Crash in corn prices could bring back demand
It was more than a dip. The corn market crashed in early August to the magnitude of $2 per bushel. The $1 drop in the days following USDA’s highly bearish Sept. 30 Grain Stocks report sucked the wind out of the corn sector even more. Yet, according to some analysts, the price debacle could end up being good news for crop producers.
"Livestock producers, ethanol users and international buyers looked at corn prices at the end of August and concluded that if prices were going to be $7.70 per bushel, corn wasn’t worth it," says Frayne Olson, an ag economist at North Dakota State University.
"It’s hard for farmers to hear it, but the $2 per bushel drop will give end users a chance to book attractive prices, and in the long term [six to 24 months in the future] may actually be good for prices by increasing demand. Farmers have to step back and take a longer-term view," Olson says. Corn is in the spot-light because that’s where the big surprise was and because it so influences other commodities, he adds.
Because prices appear to be at harvest lows, most analysts advise producers to sit tight on marketing for now. There is little reason to sell corn below $6. Furthermore, stocks are still tight and prices for 2011/12 are likely to set a new record.
One point is certain: Last summer’s high crop prices choked off demand, most notably for feed. In response, USDA added 200 million bushels of corn stocks that shocked the trade and spooked commodity funds into fleeing their positions.
Pendulum Swings. "If you look at corn futures, the pendulum swung too high at the end of August, as positive news tends to feed on positive news, and swung too low at the release of the Grain Stocks report, as negative news feeds on negative news," Olson says.
The Grain Stocks report showed Sept. 1 supplies at 1.13 billion bushels, exceeding the 900 million bushels anticipated by the trade and far above the 675 million bushels forecast at the beginning of the growing season.
"High prices ration demand better than we thought," Olson continues. His bias, however, is that USDA will add back some usage in future reports.
In early October, corn futures were suggesting a $5.80 average farm price for 2012. "I think that’s too low," says Chad Hart, an ag economist at Iowa State University. "I think 2011/12 corn prices will average $6, and soybeans, $12."
The report suggests that the 2010 corn crop was larger than expected and demand took quite a tumble, says Pat Westhoff, director of the Food and Agricultural Policy Research Institute at the University of Missouri.
"Still, I don’t look for a price collapse; corn will average $6," Westhoff says. "Stocks are very tight, and this is just one report. In the past two years, Grain Stock report surprises have become the norm. We’re going to learn a lot more about corn supply and demand in the months ahead."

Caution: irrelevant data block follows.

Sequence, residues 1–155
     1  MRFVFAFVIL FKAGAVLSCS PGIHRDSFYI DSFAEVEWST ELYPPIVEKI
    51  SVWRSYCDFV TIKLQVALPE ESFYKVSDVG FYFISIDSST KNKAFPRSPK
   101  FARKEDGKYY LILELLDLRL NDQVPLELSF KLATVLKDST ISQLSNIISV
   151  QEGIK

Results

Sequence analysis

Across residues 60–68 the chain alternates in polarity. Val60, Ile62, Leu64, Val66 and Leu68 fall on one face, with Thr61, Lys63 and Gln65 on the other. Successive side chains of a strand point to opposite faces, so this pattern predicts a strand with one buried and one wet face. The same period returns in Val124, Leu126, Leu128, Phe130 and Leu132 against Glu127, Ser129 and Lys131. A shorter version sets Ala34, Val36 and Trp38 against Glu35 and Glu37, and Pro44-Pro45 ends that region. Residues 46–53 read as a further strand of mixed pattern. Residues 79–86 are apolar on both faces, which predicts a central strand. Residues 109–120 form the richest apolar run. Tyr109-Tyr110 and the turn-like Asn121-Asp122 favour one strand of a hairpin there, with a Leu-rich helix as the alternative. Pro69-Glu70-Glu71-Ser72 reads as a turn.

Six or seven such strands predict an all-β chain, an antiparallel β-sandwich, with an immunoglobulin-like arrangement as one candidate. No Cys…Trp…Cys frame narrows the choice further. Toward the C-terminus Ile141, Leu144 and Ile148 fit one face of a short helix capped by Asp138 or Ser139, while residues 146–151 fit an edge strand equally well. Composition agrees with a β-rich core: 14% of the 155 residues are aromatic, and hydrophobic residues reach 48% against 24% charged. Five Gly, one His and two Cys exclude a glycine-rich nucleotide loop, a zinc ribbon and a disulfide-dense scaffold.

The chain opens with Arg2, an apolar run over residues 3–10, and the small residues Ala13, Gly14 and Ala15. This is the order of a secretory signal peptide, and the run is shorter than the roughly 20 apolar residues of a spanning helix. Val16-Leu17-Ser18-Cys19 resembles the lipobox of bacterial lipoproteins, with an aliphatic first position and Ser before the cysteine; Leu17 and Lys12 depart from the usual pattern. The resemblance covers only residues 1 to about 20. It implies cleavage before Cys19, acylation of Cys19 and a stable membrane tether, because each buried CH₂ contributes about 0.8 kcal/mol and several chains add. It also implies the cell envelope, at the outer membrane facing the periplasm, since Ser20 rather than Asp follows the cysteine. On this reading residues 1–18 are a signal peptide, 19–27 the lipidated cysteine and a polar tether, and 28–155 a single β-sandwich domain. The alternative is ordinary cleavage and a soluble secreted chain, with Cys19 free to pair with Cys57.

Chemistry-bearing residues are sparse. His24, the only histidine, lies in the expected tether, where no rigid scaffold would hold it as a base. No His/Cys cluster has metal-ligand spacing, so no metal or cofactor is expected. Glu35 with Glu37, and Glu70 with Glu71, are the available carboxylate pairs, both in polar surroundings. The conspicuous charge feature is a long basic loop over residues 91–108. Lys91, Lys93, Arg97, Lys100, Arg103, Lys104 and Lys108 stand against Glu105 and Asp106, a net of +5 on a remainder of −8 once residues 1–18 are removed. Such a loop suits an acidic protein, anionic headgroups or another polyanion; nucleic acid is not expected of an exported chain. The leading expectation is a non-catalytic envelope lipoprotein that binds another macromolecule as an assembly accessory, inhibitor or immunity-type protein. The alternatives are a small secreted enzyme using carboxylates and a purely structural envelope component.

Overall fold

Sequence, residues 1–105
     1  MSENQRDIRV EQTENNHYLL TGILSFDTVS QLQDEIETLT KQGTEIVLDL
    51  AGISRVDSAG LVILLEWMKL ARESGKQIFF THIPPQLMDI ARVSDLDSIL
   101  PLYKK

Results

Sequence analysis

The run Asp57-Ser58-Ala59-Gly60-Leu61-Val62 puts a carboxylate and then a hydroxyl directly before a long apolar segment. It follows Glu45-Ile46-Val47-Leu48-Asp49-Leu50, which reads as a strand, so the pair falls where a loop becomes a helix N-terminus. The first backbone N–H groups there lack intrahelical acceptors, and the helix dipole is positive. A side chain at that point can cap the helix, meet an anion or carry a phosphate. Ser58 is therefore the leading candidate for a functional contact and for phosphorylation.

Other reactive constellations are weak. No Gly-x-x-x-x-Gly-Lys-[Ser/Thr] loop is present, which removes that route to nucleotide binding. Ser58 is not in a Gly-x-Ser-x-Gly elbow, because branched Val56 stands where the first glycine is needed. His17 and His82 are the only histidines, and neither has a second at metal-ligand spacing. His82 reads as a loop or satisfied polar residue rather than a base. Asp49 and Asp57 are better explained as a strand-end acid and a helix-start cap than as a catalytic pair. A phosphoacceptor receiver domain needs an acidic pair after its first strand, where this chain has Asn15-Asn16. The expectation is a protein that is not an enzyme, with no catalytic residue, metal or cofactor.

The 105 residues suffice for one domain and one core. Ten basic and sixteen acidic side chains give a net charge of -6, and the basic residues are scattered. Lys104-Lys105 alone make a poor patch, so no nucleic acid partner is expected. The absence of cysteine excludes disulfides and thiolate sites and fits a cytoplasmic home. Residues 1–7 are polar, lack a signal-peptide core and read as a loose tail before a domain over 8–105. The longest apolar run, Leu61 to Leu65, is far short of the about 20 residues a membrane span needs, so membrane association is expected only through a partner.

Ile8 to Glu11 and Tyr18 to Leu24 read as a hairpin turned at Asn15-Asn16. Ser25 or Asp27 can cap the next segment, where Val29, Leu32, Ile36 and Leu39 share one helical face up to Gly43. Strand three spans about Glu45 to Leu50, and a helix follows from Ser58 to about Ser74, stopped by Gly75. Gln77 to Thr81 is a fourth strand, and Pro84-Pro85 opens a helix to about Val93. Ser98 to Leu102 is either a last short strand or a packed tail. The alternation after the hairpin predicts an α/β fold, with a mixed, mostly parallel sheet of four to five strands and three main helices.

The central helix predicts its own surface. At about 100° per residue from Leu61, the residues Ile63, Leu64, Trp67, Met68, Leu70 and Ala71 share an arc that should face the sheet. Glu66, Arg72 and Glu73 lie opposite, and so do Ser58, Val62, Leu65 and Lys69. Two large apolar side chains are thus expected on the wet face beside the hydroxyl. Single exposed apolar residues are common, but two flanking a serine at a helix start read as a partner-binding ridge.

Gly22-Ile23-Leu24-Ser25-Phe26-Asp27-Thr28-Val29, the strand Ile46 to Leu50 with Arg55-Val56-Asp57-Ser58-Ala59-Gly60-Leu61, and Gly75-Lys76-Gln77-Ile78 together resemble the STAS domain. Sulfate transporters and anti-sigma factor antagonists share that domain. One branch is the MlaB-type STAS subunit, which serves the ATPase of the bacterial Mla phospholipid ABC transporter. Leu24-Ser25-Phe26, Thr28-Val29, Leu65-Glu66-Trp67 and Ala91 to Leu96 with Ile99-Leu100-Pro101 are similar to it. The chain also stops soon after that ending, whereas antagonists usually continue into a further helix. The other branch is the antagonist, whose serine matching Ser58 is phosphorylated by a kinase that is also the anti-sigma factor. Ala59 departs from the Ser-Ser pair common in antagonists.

One huge demand question is how the livestock industry responds to these lower prices, Hart says. "Feed demand fell off the table the past three months," he adds. In particular, poultry and cattle numbers crashed. "Pork held its own."
Rebound in Feed Demand. Based on early October grain prices, "we could see some turnaround. The first place to look will be poultry," Hart says. Iowa hog producers can now lock in feed prices at break-even or above for six to seven months, and three to four months for cattle producers. (A Rabo AgriFinance forecast calls for 2012 U.S. livestock numbers to tumble, however, which will hurt corn demand. See page 69.)
One question many have asked is how feed demand evaporated so quickly when it was higher than in previous years. "The big story in the Grain Stocks report is wheat," says Corinne Alexander, an ag economist at Purdue University. "When wheat and corn are roughly the same price, you see more wheat feeding."
Furthermore, one reason why corn used for ethanol is not increasing is that some ethanol plants are using 5% wheat, she adds.
Export Direction. "Exports will be the real wild card," Hart says. Pro-ducers should watch the next few USDA Foreign Agricultural Service export reports for direction, he adds.
One potentially positive development could be increased bookings from developing countries such as China, Vietnam and India, which can take advantage of lower prices. China has tight domestic grain stocks and might turn more to exports to feed its 460 million hogs.
On the flip side, many experts are forecasting a slowdown in the U.S. and abroad, Hart says.
"The global economy is in a dangerous new phase," according to a World Economic Outlook report released by the International Monetary Fund in late September. "Global activity has weakened and become more uneven, confidence has fallen sharply recently and downside risks are growing."
More Carry in the Market. One thing that the crash in prices has done is to put more carry in the market, making storage more attractive than it was just a few weeks ago.
Because of the short harvest in the eastern Corn Belt, marketing strategies could differ between eastern and western Corn Belt producers, Alexander says. Basis is likely to be far tighter in the eastern Corn Belt.
Another reason to go back to marketing in a more traditional way for the next six months is that stock levels are still tight enough that Brazil and Argentina’s production could have a major impact on prices.
"If they have a rough time, corn and soybean prices could return to the higher levels experienced this past summer," Hart says.